by Sir Arthur Conan DoyleThe Adventure of the Norwood Builder
"So I am."
"Don't you think it may be a little premature? I can't help thinking that your evidence is not complete."
Lestrade knew my friend too well to disregard his words. He laid down his pen and looked curiously at him.
"What do you mean, Mr. Holmes?"
"Only that there is an important witness whom you have not seen."
"Can you produce him?"
"I think I can."
"Then do so."
"I will do my best. How many constables have you?"
"There are three within call."
"Excellent!" said Holmes. "May I ask if they are all large, able-bodied men with powerful voices?"
"I have no doubt they are, though I fail to see what their voices have to do with it."
"Perhaps I can help you to see that and one or two other things as well," said Holmes. "Kindly summon your men, and I will try."
Five minutes later, three policemen had assembled in the hall.
"In the outhouse you will find a considerable quantity of straw," said Holmes. "I will ask you to carry in two bundles of it. I think it will be of the greatest assistance in producing the witness whom I require. Thank you very much. I believe you have some matches in your pocket Watson. Now, Mr. Lestrade, I will ask you all to accompany me to the top landing."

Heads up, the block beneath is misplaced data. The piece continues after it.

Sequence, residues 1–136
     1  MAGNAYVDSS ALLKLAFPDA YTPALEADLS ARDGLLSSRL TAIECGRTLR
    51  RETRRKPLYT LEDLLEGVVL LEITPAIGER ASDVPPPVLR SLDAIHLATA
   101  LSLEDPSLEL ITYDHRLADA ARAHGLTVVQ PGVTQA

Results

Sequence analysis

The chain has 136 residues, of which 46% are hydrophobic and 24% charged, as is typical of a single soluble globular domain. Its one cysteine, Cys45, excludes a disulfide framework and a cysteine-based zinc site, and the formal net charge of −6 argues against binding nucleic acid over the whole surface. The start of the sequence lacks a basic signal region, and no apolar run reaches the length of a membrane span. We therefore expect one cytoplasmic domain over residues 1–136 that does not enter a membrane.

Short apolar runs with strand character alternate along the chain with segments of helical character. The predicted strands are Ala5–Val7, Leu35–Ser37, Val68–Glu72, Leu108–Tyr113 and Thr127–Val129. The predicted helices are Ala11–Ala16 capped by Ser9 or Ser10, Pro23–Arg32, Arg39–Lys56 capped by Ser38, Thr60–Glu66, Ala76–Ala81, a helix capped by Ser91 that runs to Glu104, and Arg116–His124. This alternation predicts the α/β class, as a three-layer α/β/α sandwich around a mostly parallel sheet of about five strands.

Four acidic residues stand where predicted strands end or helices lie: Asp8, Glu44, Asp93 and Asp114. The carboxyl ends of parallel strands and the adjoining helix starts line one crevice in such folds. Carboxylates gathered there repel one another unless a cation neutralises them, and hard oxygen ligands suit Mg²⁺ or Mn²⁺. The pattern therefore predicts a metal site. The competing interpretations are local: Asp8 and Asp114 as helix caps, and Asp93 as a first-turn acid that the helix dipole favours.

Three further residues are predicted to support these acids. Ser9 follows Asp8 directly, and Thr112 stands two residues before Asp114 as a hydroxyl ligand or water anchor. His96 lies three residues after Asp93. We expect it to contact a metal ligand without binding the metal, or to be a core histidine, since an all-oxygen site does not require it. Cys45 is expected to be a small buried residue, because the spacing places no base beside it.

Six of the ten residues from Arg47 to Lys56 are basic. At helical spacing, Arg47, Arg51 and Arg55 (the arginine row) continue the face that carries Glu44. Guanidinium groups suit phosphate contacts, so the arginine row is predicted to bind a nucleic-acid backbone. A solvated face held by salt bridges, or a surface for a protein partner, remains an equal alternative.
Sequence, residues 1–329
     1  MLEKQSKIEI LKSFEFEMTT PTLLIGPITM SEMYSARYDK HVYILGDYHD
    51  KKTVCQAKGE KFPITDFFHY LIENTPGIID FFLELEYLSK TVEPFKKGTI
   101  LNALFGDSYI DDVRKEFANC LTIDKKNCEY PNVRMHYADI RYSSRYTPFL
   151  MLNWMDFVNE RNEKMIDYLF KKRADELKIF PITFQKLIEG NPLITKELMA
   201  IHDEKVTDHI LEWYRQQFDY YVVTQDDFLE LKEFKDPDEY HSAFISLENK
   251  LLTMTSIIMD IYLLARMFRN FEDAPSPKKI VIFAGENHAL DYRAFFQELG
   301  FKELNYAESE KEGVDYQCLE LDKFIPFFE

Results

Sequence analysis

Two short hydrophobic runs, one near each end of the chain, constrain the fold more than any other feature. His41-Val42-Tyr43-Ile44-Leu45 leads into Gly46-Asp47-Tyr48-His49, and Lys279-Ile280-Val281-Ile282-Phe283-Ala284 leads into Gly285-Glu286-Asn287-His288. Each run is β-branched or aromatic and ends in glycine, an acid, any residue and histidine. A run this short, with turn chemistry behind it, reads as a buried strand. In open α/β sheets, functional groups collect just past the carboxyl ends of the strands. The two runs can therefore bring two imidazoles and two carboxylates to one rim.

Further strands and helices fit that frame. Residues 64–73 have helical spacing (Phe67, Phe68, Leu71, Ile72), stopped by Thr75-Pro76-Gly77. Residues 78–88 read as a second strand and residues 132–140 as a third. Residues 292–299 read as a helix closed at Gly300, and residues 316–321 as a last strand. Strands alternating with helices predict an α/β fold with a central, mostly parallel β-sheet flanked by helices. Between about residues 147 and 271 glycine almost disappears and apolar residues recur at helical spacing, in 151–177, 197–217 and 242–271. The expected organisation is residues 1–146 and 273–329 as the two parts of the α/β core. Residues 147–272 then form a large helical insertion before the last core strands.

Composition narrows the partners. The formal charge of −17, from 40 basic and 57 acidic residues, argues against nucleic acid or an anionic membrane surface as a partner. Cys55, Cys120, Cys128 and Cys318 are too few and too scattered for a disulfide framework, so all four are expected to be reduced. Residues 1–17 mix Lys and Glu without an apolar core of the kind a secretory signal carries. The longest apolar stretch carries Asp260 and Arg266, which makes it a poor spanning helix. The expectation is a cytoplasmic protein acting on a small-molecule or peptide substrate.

As I have said, there was a broad corridor there, which ran outside three empty bedrooms. At one end of the corridor we were all marshalled by Sherlock Holmes, the constables grinning and Lestrade staring at my friend with amazement, expectation, and derision chasing each other across his features. Holmes stood before us with the air of a conjurer who is performing a trick.
"Would you kindly send one of your constables for two buckets of water? Put the straw on the floor here, free from the wall on either side. Now I think that we are all ready."
Lestrade's face had begun to grow red and angry. "I don't know whether you are playing a game with us, Mr. Sherlock Holmes," said he. "If you know anything, you can surely say it without all this tomfoolery."
"I assure you, my good Lestrade, that I have an excellent reason for everything that I do. You may possibly remember that you chaffed me a little, some hours ago, when the sun seemed on your side of the hedge, so you must not grudge me a little pomp and ceremony now. Might I ask you, Watson, to open that window, and then to put a match to the edge of the straw?"
I did so, and driven by the draught a coil of gray smoke swirled down the corridor, while the dry straw crackled and flamed.
"Now we must see if we can find this witness for you, Lestrade. Might I ask you all to join in the cry of `Fire!'? Now then; one, two, three----"
"Fire!" we all yelled.
"Thank you. I will trouble you once again."
"Just once more, gentlemen, and all together."
"Fire!" The shout must have rung over Norwood.
It had hardly died away when an amazing thing happened. A door suddenly flew open out of what appeared to be solid wall at the end of the corridor, and a little, wizened man darted out of it, like a rabbit out of its burrow.
"Capital!" said Holmes, calmly. "Watson, a bucket of water over the straw. That will do! Lestrade, allow me to present you with your principal missing witness, Mr. Jonas Oldacre."
The detective stared at the newcomer with blank amazement. The latter was blinking in the bright light of the corridor, and peering at us and at the smouldering fire. It was an odious face--crafty, vicious, malignant, with shifty, light-gray eyes and white lashes.
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